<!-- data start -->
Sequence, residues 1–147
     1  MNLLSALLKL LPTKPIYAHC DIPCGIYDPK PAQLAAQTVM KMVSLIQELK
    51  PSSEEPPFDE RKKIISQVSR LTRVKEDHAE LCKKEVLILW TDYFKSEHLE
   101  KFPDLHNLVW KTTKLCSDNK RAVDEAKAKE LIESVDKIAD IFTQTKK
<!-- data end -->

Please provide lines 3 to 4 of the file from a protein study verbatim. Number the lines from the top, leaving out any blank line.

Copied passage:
    51  PSSEEPPFDE RKKIISQVSR LTRVKEDHAE LCKKEVLILW TDYFKSEHLE
   101  KFPDLHNLVW KTTKLCSDNK RAVDEAKAKE LIESVDKIAD IFTQTKK